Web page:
A Christmas Carol

Christmas has arrived a month early at Melbourne’s Comedy Theatre, with Jack Thorne’s version of the Dickensian classic A Christmas Carol delighting the head, heart, and senses. Winner of five Tony awards (for solid reason), and powered by a brilliant star cast with David Wenham at the helm, this production is elaborate, creatively loaded, and all round flawless.

The festivities begin before the play does, with the cast and musicians setting the mood through light-hearted interactive performance. The audience, drawn into the spirit of the season with apples and mandarins and general festive cheer, are then introduced to the stark contrast of the protagonist, miser Ebenezer Scrooge (David Wenham), whose brand is his disdain for Christmas and his shocking ability to wall himself off from concern or compassion for the affairs of others. Scrooge is visited by the tormented ghost of his late business partner Jacob Marley, and then by the three spirits of Christmas (past, present, and future), who work together over the course of the story to pry open his closed heart and restore him into connection with his family, his employees, and his neighbours.

A Christmas Carol, as Charles Dickens wrote it, is only a short novella – just over 60 pages long, often read in a single sitting by readers of all ages. But it is one of his most beloved and well-known works, and has been adapted and performed endlessly since the 1840s, when it was first published. This 2022 production uses a blend of sophisticated creative structures, tools, and ideas to bring Dickens’ London to life in a way that makes suspension of belief inevitable; you cannot help but be transported into the heart of that vibe, and remain there for the duration of the show.

Christopher Nightingale’s music, including arrangements of a whole collection of well-loved Christmas carols, is ethereal, with the masterful use of a tuned set of handbells as a particular highlight. Hugh Vanstone’s lighting design is also otherworldly, grounded in a sky of little lanterns and erupting into haunting effects with a bigger version manoeuvred by the Christmas ghosts. A particularly breathtaking moment was when Scrooge was taken to the scene of his own funeral in the future, and the lighting somehow embodied death itself – all colour was drained out of the live scene, and the visitor Scrooge was clearly seen as an outsider, witnessing the lifelessness of his own memory.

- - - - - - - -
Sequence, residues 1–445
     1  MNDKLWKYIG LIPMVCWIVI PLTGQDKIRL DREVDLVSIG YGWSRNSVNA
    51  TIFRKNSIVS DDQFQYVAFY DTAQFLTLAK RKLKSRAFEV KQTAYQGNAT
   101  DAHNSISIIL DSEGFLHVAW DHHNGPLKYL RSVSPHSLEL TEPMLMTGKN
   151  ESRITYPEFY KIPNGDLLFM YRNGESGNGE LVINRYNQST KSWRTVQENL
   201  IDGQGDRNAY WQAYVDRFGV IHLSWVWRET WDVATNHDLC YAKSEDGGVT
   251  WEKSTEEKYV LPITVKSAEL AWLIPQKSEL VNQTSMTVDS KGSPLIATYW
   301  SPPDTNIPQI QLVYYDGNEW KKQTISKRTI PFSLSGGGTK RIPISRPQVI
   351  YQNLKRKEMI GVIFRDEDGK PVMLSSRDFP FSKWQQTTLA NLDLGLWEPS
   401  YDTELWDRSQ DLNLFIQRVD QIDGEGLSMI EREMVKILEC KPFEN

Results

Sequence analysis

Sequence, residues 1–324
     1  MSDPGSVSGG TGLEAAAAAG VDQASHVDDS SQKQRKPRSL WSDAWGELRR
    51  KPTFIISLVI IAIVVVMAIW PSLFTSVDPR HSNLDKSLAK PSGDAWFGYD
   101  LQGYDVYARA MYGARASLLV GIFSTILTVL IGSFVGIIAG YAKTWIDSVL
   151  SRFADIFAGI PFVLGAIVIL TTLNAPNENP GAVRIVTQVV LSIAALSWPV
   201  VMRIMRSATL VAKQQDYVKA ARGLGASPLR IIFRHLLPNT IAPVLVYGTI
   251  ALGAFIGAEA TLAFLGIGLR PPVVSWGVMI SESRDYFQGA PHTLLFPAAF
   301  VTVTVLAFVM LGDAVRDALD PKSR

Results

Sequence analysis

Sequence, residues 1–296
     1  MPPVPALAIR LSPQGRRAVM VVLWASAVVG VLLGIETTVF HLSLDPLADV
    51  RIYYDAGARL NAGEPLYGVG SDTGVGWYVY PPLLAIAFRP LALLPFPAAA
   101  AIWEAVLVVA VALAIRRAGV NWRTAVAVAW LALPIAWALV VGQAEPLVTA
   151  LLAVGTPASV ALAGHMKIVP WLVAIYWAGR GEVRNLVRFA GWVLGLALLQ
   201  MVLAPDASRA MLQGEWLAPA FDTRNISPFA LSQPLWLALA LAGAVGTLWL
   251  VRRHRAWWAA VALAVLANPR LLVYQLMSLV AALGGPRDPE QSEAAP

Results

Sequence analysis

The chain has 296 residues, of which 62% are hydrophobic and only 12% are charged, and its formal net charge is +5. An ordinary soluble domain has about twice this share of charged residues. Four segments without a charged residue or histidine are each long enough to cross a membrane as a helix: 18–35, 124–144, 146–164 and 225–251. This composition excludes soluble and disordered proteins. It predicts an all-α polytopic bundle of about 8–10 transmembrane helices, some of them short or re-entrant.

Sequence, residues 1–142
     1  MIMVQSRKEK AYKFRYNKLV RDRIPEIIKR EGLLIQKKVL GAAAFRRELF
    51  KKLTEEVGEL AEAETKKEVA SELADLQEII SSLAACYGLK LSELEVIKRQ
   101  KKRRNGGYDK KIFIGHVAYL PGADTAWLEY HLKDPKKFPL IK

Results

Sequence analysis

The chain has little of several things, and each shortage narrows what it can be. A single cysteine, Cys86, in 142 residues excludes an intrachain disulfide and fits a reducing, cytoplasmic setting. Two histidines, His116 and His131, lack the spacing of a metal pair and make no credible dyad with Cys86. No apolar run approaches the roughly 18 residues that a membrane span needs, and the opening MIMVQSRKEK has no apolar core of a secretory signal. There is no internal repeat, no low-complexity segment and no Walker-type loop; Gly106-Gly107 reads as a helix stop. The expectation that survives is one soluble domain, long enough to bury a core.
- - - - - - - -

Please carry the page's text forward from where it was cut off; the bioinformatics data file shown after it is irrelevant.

There are many aspects of this production that will have attendees enthralled, most of them centred on brilliant creative choices. This production’s take on the traditional focus of this story, the social and moral commentary around the meaning of Christmas and how to reach out to one’s neighbours when one enjoys a place of privilege and power, feels refreshing as well. The somewhat one-dimensional judgment against the “old” Scrooge seems appropriately diminished, in favour of expanding perspectives extending compassion towards him, fleshing out why he was how he was, and showing a realistic bridge to help him step from who he had become to who he could become. His relationships – with his father, his sister Little Fan, his former lover Belle, and his employee Bob Cratchit, all shed light on Ebenezer Scrooge the whole person, the hard working, ambitious man who liked to stay in his lane and focus on his goals even before all that went to misanthropic extremes. Some of the other characters also are fleshed out in satisfying depth, such as Tiny Tim Cratchit, played skilfully by Theo Watson-Bonnice, presenting this traditional character of sympathy as a strong and spirited influence in his own right.

All in all, this production is the perfect show to get one into the mood for a self-reflective Christmas: it is a perfect blend of the mystical, the magical, the moral, the traditional, the festive, the aesthetic, and above all, the human.

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